In 1849 exclusive Moravian control of Salem's industries and trades was abolished; in 1856 land was first sold to others than Moravians, and in the same year the town was incorporated.
But under Zinzendorf the history of the Moravians took an entirely new turn.
In Germany, therefore, the importance of the Moravians must be measured, not by their numbers, but by their influence upon other Christian bodies.
It was from the Moravians that Schleiermacher learnt his religion, and they even made a passing impression on Goethe; but both these men were repelled by their doctrine of the substitutionary sufferings of Christ.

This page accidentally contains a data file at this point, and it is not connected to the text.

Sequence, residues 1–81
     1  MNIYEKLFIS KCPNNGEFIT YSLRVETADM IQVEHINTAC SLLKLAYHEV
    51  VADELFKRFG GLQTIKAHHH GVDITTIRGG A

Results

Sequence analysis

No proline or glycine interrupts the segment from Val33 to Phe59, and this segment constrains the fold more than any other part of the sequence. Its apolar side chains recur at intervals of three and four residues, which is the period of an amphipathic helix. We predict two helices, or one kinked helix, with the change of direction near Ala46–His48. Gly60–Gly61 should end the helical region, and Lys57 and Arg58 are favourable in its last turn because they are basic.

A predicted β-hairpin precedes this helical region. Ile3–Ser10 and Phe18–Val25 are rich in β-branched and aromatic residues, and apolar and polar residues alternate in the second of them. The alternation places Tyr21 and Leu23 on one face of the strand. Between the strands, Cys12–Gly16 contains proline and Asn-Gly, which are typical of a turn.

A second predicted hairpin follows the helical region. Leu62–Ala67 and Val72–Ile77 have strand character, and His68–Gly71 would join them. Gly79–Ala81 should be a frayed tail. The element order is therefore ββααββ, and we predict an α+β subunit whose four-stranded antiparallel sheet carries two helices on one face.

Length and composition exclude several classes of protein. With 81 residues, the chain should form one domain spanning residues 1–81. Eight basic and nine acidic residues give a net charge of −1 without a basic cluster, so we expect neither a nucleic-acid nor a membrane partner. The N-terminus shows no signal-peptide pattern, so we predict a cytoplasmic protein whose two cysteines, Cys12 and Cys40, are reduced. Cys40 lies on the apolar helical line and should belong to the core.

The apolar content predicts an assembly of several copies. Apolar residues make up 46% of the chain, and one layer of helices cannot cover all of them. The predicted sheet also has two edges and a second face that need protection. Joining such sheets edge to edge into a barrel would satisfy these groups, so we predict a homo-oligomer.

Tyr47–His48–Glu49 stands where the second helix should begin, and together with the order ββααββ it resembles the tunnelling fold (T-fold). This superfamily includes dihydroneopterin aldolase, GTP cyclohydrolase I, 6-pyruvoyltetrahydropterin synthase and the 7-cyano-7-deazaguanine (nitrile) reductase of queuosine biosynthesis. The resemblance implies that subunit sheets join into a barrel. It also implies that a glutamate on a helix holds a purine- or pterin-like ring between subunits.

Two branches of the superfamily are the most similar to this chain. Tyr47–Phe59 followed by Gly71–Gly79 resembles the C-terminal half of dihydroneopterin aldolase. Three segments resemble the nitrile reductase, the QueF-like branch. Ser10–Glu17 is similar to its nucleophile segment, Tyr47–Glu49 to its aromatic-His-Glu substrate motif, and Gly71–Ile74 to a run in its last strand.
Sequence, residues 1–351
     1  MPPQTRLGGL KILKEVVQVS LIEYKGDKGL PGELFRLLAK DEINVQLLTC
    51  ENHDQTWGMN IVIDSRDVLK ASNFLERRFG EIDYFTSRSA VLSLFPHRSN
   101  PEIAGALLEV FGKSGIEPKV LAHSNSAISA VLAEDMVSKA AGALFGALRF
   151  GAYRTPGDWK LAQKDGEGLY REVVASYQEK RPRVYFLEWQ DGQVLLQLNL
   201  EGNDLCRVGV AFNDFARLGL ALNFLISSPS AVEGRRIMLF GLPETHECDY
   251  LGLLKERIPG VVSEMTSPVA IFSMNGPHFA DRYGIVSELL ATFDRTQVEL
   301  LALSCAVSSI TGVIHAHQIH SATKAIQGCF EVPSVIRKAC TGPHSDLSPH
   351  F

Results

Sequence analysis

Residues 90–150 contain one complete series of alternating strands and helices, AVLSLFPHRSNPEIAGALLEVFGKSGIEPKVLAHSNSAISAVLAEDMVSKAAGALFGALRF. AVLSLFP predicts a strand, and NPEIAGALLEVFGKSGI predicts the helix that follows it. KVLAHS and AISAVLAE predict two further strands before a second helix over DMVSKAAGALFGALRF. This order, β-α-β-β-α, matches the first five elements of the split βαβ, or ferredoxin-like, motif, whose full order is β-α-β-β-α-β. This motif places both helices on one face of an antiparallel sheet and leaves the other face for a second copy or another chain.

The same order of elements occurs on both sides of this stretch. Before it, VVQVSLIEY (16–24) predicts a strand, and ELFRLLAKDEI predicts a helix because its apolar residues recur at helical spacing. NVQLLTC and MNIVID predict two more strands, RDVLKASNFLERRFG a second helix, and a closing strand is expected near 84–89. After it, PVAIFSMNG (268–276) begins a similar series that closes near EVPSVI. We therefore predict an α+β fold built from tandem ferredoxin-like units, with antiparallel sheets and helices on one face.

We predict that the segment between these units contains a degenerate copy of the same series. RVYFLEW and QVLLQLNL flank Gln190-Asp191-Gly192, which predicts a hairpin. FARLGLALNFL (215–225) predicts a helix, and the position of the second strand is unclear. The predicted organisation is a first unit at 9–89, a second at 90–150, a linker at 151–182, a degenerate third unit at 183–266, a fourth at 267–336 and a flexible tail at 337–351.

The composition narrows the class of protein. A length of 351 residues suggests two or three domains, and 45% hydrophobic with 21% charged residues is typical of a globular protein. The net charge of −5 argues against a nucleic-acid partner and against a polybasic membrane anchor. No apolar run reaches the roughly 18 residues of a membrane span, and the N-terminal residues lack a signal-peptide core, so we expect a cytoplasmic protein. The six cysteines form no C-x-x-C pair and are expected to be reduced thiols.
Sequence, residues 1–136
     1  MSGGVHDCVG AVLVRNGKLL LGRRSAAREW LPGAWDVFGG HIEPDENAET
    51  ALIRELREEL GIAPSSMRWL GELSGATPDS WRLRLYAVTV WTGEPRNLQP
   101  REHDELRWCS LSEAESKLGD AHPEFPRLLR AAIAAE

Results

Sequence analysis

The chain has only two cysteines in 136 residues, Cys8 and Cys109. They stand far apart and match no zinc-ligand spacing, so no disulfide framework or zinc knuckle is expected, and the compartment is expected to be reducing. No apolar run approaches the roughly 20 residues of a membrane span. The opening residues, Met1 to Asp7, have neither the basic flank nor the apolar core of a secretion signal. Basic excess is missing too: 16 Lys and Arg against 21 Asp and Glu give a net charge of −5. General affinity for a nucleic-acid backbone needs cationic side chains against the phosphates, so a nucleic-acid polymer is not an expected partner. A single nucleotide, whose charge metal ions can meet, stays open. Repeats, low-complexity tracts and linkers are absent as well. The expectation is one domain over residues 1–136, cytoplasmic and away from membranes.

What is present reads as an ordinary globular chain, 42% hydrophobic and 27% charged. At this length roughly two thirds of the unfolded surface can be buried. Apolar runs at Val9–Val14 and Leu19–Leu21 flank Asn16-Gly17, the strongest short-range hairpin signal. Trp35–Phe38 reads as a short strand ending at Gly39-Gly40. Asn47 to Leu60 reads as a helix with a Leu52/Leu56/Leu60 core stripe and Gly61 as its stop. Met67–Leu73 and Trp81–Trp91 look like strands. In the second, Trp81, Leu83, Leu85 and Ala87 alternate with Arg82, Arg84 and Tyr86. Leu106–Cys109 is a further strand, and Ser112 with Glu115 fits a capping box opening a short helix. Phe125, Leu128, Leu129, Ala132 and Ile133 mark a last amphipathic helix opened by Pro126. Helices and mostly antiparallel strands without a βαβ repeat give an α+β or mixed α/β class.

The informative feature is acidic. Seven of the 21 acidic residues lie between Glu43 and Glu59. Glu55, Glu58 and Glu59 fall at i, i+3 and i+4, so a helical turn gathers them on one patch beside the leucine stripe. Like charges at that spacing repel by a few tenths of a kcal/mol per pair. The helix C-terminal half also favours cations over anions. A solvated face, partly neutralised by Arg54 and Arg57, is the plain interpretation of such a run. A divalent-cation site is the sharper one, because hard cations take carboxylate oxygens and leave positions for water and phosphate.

In reply to the very natural question why the Moravians began their work in England, the answer given by history is that John Wesley, on his voyage to Georgia (1735) met some Moravian emigrants; that on his return he met Peter Boehler, who was on his way to North Carolina; that through Boehler's influence both John and Charles Wesley were "converted" (1738).